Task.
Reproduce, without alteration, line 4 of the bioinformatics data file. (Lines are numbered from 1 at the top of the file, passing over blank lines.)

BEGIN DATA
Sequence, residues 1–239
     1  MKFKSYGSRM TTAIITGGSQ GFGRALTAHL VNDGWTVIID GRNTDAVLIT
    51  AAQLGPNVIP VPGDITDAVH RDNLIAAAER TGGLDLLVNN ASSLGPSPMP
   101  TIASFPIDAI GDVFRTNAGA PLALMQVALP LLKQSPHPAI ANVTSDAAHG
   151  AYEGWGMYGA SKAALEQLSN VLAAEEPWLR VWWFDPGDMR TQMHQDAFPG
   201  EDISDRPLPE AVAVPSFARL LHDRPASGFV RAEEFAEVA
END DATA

   101  TIASFPIDAI GDVFRTNAGA PLALMQVALP LLKQSPHPAI ANVTSDAAHG